Don’t you wish you had an ubercool espionage movie soundtrack to accompany you wherever you go? I know I do. Make sure to hit the HQ button if you have the bandwidth.
Actually, I quite wish they’d present more nature videos this way. Do these jellies not have the feel of sleek hyper-space cruisers in this short film? It befits the coolness I think these organisms have, rather than the hysterical watch-me-nearly-die antics and 4th-grade scripting approach (Top 10 most venomous animals!) which many popular modern animal shows lure viewers (A favorite card game of mine parodies one particularly popular version as “The Animal Bothering Show”). These images were captured by a remote rover operated by the Monterey Bay Aquarium, where presumably one very cool member of the staff thought to include the soundtrack. Anyone know where it’s really from?
So let’s talk about this particularly cool creature, Lampocteis cruentiventer. Their stomachs are always blood red; their bodies may come in various shades of the color. They can grow up to about 6 inches long — about the size of a hand — and they swim from about 1,000 to 3,300 feet down. That’s pretty deep, but not abyssal. Still, they probably never see much of the light of day.
Which, strangely enough, explains their brilliant red coloring. Red light is filtered most efficiently by water, and after traveling a few hundred feet down, there is very little left. Thus organisms that are red will appear gray or black in the deep, like a hole in the water. Thus, many deep sea creatures, when illuminated by explorers’ lights, appear lurid red.
Now let’s say, for the sake of argument, you live in the dark and like to eat things that glow. But dang it, you’re transparent! Now breakfast is causing you a bit of a problem that cannot be solved by Rolaids. Solution: encase your stomach in the undersea version of air raid curtains — red pigment. Hence the bloodbelly. (Although it does sound a bit like a better name for a grizzled jazz musician: “Good Evening, Ladies and Gentlemen. My name is Blood Belly and tonight I’m going to play a little number for you I like to call . . . “)
Comb jellies are ctenophores (“ten’-o-fours”), which have eight cilia-bearing (small beating filaments) combs called ctenes with which they weakly swim. Whenever I have been lucky enough to visit an aquarium, I have spent many long minutes fogging up the glass staring at the undulating cilia of comb jellies. It’s a fascinating riot of colors and textures. The cilia make these the largest creatures to swim by such a mechanism, and give them a superficial resemblance to overgrown Paramecia. Both jellyfish and ctenophores have two cell layers separated by a gooey center, the mesogloea (mes-o-glee-a). This is a chief way they differ from us “higher” animals, who have a fancy middle layer we’ve parleyed into stomachs, livers, brains, gall bladders, spleens, appendices, giblets etc. Go us!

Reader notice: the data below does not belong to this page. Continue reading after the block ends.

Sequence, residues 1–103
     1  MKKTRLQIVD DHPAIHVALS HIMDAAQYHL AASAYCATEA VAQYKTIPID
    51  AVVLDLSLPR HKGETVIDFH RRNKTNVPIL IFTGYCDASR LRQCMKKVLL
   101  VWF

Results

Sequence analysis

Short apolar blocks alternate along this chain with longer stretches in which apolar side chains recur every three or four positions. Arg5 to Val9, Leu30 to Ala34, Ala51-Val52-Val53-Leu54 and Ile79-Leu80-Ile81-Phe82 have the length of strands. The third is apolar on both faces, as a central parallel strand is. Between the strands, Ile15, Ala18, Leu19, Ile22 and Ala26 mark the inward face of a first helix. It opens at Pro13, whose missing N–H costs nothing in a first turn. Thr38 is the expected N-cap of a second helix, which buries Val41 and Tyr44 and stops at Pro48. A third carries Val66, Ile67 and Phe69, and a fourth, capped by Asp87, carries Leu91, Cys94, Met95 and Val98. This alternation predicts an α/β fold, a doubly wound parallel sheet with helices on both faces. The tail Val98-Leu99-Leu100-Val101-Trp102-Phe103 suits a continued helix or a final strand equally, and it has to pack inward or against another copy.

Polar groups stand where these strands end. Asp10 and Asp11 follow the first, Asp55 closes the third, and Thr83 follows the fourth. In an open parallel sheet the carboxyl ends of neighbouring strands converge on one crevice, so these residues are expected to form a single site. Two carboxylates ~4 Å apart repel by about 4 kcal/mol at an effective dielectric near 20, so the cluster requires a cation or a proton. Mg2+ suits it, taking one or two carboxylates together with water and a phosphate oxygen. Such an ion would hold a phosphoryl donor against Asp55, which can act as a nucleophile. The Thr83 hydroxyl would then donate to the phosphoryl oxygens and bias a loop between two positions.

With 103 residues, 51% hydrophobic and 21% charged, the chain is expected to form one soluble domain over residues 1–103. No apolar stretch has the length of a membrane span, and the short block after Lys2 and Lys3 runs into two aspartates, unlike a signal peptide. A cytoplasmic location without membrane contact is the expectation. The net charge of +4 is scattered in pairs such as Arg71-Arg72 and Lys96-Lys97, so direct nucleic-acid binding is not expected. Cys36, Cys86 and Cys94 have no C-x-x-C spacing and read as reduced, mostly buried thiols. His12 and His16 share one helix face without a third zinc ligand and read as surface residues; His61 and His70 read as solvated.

Comb jellies can also have two long tentacles. Instead of the famous stinging nematocysts that true jellyfish bear on their tentacles, comb jellies have sticky cells called colloblasts that rupture to release glue that captures their prey. They then retract the tentacles to bring their food to their mouths. Unlike jellyfish, which have a single opening to serve as mouth and anus (thank GOD evolution didn’t stick that particular system in vertebrates), ctenophores have one opening at the mouth and two at the back, though all three may serve when nature calls.
Scientists, as with most groups, are fighting constantly about how cnidarians(jellyfish, corals, and friends), ctenophores, and every animal more complex (usually referred to as a group called “Bilateria”, all the mirror-image symmetry animals) are related. As it’s a fight that’s enormously complicated and still ongoing, I will spare you the details. Suffice it to say, they ARE related. Here is one possible family tree.
One final note — ctenophores are also clearly an inspiration for the creatures in the 1989 movie “The Abyss“, a sci-fi classic you should see if you have not (though many in the know urge finding the director’s cut). A personal favorite. See here and here for some striking examples.
Discovered via Deep Sea News.